India’s first Dugong conservation reserve will be built in Tamil Nadu for the conservation of Dugong, a marine animal that has been enlisted vulnerable to extinction on a global scale by the World Conservation Union (IUCN).
Principal Secretary, Environment Climate Change & Forests, Government of Tamil Nadu, Supriya Sahu took to her social media account to confirm the news. She wrote, “Government of Tamil Nadu will set up India’s first Dugong Conservation Reserve in the Palk Bay.”
Dugong Conservation Reserve
The reserve will spread over an area of 500 km in Palk Bay on the southeast coast of Tamil Nadu. Palk Bay is a semi-enclosed shallow water body with a water depth maximum of 13 meters. Located between India and Sri Lanka along the Tamil Nadu coast, the dugong is a flagship species in the region.
Dugong: The sea cow
Dugong or the sea cow is the State animal of Andaman & Nicobar Islands. This endangered marine species survive on seagrass and other aquatic vegetation found in the area. It is the only herbivorous mammal that is strictly marine and is the only extant species in the family Dugongidae.
Dugongs are usually about three-meter long and weigh about 400 kg. Dugongs have an expanded head and trunk-like upper lip. Elephants are considered to be their closest relatives. However, unlike dolphins and other cetaceans, sea cows have two nostrils and no dorsal fin.
Distributed in shallow tropical waters in the Indo-Pacific region, in India, they are found in the Gulf of Kutch, Gulf of Mannar, Palk Bay, and Andaman & Nicobar Islands.
Causes of extinction
Having being declared vulnerable, the marine animal calls for conserving efforts. Studies have suggested the reasons for the extinction of the animal such as slow breeding rate, fishing, and the loss of habitat.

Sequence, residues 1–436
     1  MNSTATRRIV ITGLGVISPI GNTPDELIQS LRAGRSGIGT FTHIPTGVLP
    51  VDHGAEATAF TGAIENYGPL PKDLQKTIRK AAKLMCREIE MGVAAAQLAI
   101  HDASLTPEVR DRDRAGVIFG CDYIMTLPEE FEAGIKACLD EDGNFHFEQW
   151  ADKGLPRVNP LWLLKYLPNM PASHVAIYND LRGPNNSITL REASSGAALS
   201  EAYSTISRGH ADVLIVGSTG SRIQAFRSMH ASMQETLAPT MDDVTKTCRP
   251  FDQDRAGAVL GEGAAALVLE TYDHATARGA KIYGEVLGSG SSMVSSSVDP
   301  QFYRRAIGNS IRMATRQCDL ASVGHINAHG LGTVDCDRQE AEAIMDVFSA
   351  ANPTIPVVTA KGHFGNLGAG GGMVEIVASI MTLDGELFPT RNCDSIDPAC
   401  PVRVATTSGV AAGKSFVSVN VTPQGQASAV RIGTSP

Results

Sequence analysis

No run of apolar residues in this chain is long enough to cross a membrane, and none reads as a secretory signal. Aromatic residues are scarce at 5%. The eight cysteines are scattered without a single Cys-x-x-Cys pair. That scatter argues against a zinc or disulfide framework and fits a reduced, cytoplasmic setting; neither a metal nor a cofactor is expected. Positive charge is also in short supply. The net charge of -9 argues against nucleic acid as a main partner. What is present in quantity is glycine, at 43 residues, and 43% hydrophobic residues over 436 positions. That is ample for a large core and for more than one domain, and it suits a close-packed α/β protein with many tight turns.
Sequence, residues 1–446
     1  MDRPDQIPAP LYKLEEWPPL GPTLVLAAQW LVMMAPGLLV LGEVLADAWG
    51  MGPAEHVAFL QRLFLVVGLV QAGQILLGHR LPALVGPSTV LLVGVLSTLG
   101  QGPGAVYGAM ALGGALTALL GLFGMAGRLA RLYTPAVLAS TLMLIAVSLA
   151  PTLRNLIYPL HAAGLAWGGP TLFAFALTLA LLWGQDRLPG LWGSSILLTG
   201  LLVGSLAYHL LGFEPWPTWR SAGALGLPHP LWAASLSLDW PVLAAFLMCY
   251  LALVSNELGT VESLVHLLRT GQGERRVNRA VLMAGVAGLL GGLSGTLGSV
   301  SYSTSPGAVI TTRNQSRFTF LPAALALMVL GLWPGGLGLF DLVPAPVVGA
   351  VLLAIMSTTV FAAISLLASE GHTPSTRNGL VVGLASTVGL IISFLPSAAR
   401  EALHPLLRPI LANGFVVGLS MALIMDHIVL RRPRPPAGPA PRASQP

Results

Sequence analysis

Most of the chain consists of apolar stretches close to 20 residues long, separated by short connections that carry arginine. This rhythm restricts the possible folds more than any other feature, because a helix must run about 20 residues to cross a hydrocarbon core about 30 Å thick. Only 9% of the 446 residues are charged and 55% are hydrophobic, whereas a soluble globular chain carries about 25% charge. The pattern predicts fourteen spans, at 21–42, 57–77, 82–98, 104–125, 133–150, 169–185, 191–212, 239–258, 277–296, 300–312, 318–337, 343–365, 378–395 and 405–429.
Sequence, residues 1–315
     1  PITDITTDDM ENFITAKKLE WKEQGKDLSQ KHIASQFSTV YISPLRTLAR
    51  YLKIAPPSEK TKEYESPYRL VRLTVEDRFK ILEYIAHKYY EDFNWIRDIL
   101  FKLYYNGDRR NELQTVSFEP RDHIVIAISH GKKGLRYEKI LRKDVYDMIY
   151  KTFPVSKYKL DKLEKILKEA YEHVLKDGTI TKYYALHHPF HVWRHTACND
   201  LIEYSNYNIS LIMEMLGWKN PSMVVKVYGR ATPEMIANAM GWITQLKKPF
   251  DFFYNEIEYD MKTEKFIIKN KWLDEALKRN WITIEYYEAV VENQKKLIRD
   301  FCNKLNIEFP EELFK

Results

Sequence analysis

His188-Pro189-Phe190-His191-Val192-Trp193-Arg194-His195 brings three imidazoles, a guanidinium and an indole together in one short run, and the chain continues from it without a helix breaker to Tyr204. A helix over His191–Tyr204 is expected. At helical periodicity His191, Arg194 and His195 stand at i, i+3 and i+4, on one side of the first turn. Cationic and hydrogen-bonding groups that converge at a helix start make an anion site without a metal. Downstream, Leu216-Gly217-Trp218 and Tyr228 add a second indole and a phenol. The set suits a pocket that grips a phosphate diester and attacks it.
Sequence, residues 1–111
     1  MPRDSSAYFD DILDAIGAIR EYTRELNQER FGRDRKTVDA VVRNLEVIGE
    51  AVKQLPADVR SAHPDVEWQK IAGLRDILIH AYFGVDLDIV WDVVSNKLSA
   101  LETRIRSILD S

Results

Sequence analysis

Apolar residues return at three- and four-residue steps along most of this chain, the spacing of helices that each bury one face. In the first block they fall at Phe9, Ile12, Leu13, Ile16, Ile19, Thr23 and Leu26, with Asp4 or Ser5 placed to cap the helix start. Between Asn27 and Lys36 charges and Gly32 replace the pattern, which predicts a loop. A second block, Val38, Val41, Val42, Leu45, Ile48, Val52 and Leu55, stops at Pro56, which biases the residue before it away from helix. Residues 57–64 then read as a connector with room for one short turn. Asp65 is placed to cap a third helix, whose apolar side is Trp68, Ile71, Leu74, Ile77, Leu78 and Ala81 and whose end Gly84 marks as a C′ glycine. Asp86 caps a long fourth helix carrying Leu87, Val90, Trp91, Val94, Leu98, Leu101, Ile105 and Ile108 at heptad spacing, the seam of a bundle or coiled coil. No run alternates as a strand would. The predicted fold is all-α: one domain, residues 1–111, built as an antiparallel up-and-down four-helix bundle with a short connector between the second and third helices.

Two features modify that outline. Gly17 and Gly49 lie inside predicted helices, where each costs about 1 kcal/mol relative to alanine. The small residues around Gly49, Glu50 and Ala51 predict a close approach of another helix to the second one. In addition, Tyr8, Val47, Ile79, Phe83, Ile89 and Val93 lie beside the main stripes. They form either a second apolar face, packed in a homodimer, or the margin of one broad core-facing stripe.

Dugongs are long-living animals, that have a low reproductive rate, long generation time, and high investment in each offspring. The female dugongs do not bear their first calf until they are at least 10 and up to 17 years old. A dugong population is unlikely to increase more than 5% per year. They take a long time to recover due to the slow breeding rate.
Natural and human induced activities: Due to natural and human-induced activities, the natural habitat of the animal is on a risk. The herbivorous mammal feeds on seagrass, which is at a loss. Human activities such as riding of speed-boats causes death of the animal due to boat and propellor strikes. Further, habitat loss is also attributed to the increase in conversion of coastal forests to banana, areca nut, and coconut plantations and high boat traffic.
Natural factors are also responsible for the decline in dugongs population. According to study (Das & Dey 1999), extreme weather events such as cyclones and high energy tidal storms may also contribute to the loss of seagrasses in the region.
Gill-net fishing: Dugongs are also known to suffer due to accidental entanglement and drowning in gill-nets. Fishing activities around the Indian, Andaman, Nicobar, and Sri Lankan coasts include gill netting and dynamite fishing.
How the population can thrive?
The conservation reserve can promote growth and save the vulnerable species from the verge of extinction. Dugongs are protected in India under Schedule 1 of the Indian Wildlife Act 1972 which bans the killing and purchasing of dugong meat.
According to the United Nations Environment Programme (UNEP) report on dugong, there are no quantitative data on the status of dugongs or the extent or nature of seagrass communities along the coast of the Indian subcontinent or the associated offshore islands. However, conservation measures like the proposed conservation area can help revive the sea cow population.
The proposed reserve area has the highest concentration of dugongs in the country. In addition, studies suggest that simultaneous effort towards seagrass meadow restoration, reduction of dugong mortalities, and community participation in dugong conservation can help in helping the dugong population recover. It also calls for creating awareness among the people, involving the local communities.